195.The Eurogroup is an informal meeting of the finance ministers of the eurozone, which takes place the day before the Council of Finance Ministers of all 28 EU Member States (ECOFIN). Since 2004 it has had a semi-permanent two-year presidency, voted on by the members of the group. The current President is Jeroen Dijsselbloem, the Dutch Finance Minister. Eurozone heads of state or government also meet periodically as the ‘Euro Summit’.
196.The Five Presidents’ Report recommends, as a short term measure, stepping up the role of the Eurogroup in the European Semester. In the long term it recommends “a full-time presidency of the Eurogroup … with a clear mandate within the framework of this report. With the support of all EU institutions, it could play an even greater role in representing the interest of the single currency, within the euro area and beyond.” The Report does not provide further detail, but the idea could conceivably lead to the creation of a ‘eurozone finance minister’, as proposed by German Finance Minister Wolfgang Schäuble. Separately, President Hollande of France has spoken of a eurozone parliament with control over its own eurozone budget.
197.Henning Christophersen went further than the Five Presidents’ Report, in suggesting the creation of a ‘Euro Council’: “an institution with its own secretariat under the supervision of the elected eurozone members of the European Parliament [that] should have its own budget and with its own secretariat.” He criticised the current arrangement, whereby countries in receipt of a bail-out are under the supervision of the Commission, responsible to all 28 Member States, rather than a euro-only configuration. He believed “that budget must be approved by the European Parliament and the Euro Council, and they must have their mandate from national parliaments to do it”.
198.Professor Codogno saw the proposal for a stronger role for the President of the Eurogroup as problematic: “As things stand, the so-called Treasury Minister for the eurozone in the future would be the head of the Eurogroup. That is not an elected position and it does not go to the European Parliament for confirmation, which is pretty odd, so it needs to be changed.” Dr Lilico considered that a role of “EU (or eurozone) President” might eventually be subject to popular vote: “the finance person would follow on from the political election of the head of the European institution as a whole”.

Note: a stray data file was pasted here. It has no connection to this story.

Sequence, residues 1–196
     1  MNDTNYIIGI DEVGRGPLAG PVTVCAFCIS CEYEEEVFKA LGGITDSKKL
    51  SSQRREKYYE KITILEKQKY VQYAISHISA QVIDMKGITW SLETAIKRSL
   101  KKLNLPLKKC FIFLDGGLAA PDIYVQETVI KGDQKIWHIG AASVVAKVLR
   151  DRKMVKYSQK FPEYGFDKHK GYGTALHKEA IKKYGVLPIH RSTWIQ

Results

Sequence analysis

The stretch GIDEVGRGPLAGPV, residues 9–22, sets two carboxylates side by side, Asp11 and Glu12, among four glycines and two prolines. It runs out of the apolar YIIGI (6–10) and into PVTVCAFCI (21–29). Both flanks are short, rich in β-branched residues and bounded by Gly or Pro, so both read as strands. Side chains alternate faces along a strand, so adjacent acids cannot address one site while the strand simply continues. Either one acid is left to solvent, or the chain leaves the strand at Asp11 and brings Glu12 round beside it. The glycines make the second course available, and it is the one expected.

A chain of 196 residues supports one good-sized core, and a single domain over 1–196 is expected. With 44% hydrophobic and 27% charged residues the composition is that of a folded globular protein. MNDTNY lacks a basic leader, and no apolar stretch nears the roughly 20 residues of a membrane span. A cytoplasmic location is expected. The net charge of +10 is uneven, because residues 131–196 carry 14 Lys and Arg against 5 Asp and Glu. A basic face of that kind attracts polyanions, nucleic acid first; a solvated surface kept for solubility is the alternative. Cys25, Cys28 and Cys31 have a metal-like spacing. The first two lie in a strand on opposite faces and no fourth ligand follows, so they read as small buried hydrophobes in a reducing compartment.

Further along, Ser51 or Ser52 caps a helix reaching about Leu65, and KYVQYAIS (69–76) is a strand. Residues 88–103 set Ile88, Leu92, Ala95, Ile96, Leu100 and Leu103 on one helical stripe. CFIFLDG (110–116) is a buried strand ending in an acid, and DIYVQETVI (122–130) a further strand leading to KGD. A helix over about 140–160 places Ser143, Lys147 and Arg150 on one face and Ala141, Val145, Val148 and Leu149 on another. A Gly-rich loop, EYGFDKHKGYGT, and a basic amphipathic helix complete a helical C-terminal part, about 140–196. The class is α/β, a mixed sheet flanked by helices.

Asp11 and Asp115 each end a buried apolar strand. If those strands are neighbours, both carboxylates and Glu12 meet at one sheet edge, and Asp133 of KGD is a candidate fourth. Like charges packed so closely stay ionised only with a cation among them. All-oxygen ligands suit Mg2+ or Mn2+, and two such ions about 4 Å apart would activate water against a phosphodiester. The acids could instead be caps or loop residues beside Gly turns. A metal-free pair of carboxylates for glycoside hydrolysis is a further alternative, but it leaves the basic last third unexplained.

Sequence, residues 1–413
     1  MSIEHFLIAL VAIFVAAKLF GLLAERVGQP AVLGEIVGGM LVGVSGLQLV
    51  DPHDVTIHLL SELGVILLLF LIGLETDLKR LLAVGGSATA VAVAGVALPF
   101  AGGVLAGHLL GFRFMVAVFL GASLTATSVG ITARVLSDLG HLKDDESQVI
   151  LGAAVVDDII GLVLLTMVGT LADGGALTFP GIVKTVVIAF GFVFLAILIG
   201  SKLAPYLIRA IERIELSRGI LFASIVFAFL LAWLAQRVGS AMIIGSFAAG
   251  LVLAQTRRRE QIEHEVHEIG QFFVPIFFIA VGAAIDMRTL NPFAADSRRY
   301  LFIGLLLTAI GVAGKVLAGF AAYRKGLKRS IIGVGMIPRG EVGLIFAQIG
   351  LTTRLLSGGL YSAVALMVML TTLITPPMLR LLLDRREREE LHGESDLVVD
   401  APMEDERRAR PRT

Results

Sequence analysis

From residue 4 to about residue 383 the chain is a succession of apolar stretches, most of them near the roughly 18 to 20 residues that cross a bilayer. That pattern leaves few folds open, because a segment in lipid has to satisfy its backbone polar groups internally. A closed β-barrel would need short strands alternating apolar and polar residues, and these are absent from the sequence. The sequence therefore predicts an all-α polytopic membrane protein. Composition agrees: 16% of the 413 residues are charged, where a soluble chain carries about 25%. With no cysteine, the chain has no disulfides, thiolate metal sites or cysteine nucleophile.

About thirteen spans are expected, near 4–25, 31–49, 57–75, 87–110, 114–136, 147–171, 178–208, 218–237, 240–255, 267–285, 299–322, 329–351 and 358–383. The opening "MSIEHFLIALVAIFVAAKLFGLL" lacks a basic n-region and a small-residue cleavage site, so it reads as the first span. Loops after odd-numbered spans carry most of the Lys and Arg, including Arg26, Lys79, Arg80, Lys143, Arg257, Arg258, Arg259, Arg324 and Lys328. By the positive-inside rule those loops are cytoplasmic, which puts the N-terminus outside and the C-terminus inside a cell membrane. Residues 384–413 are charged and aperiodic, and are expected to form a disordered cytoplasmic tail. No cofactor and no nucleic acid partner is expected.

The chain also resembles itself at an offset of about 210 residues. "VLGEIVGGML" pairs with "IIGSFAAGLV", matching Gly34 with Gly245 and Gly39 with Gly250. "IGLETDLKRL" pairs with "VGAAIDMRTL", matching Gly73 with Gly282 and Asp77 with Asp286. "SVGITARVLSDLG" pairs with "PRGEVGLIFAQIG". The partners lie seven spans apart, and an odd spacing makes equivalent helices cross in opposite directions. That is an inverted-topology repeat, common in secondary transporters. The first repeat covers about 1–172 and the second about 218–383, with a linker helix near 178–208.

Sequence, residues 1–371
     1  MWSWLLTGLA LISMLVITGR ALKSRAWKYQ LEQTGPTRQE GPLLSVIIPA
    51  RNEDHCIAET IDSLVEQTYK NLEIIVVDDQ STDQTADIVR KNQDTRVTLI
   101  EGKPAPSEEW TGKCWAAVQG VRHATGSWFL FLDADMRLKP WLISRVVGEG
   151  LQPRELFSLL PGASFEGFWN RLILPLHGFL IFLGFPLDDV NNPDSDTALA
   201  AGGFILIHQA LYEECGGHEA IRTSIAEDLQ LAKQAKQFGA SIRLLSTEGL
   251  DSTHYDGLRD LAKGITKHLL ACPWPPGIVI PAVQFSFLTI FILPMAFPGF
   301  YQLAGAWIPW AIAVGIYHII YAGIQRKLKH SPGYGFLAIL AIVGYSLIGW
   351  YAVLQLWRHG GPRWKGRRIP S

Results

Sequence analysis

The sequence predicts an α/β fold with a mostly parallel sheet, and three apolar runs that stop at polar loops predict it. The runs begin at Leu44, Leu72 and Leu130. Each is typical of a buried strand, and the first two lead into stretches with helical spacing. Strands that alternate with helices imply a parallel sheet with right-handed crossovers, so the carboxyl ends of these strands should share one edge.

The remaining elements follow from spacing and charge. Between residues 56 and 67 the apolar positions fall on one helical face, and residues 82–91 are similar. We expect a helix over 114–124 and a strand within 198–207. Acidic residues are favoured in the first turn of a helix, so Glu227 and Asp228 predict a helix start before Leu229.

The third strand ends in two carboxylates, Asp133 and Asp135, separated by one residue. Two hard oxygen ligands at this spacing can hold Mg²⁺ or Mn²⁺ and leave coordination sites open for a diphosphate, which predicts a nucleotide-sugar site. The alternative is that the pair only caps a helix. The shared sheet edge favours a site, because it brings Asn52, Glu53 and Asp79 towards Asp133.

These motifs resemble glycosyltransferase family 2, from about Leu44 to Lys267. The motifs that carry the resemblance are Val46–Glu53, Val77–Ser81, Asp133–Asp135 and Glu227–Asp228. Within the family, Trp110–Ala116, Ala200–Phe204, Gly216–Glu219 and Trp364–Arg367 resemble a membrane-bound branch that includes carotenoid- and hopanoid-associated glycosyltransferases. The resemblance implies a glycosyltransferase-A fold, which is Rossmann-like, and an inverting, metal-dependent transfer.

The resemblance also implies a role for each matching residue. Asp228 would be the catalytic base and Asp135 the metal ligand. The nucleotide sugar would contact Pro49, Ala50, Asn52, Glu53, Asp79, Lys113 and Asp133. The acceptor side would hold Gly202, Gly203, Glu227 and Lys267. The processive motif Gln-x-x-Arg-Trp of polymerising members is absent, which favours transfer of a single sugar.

199.Dr Lilico also addressed the implications of further eurozone integration on non-eurozone Member States, although without the institutional separation advocated by Mr Christophersen. He said that he “would expect more and more Commission business to be devoted to euro-area matters to the exclusion of wider EU matters, which in due course would mean that the interests of non-euro members of the EU become increasingly marginal. So I do not see how, as things stand, there is any long-term future for any members of the European Union who are not members of the euro.”
200.The five Presidents’ proposals are not fully developed, and a strengthened Eurogroup could in principle be restricted to playing a more explicit role in economic convergence or coordination, enforcing fiscal discipline and representing the eurozone internationally. But when they are juxtaposed with the possible creation of a eurozone treasury and with some of conceptions of fiscal union discussed in Chapter 3, the proposals begin to sound more radical.
201.The role of the Eurogroup is of particular interest to the UK. The Government has long been concerned about caucusing among its members. Under the new Council voting rules it is possible for the eurozone, acting as a bloc, to outvote the non-eurozone countries. One of the Prime Minister’s aims in the recent renegotiation of the UK’s relationship with the EU was to protect non-euro area Member States against the possibility of the eurozone acting in such a way in Council negotiations.